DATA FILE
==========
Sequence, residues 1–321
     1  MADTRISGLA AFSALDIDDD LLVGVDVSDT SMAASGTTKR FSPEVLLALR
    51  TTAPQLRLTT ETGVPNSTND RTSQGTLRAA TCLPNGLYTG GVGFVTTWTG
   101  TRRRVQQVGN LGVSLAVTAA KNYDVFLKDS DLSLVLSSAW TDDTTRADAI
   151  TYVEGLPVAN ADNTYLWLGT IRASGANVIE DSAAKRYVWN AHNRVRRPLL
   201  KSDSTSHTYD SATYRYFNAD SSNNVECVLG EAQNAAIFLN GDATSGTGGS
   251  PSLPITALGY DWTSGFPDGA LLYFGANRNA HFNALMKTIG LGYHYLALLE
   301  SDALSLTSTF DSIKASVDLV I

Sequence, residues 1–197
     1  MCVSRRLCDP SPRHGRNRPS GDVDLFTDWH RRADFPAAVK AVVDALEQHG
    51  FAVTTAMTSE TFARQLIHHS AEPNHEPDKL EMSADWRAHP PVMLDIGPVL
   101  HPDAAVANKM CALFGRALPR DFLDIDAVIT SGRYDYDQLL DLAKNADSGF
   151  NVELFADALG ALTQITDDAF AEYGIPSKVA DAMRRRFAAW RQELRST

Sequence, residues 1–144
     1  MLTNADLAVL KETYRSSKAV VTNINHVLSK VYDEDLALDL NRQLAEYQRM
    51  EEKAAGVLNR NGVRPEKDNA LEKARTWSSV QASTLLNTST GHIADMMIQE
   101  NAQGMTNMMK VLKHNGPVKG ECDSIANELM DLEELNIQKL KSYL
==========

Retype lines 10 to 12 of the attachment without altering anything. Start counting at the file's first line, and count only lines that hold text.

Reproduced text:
     1  MCVSRRLCDP SPRHGRNRPS GDVDLFTDWH RRADFPAAVK AVVDALEQHG
    51  FAVTTAMTSE TFARQLIHHS AEPNHEPDKL EMSADWRAHP PVMLDIGPVL
   101  HPDAAVANKM CALFGRALPR DFLDIDAVIT SGRYDYDQLL DLAKNADSGF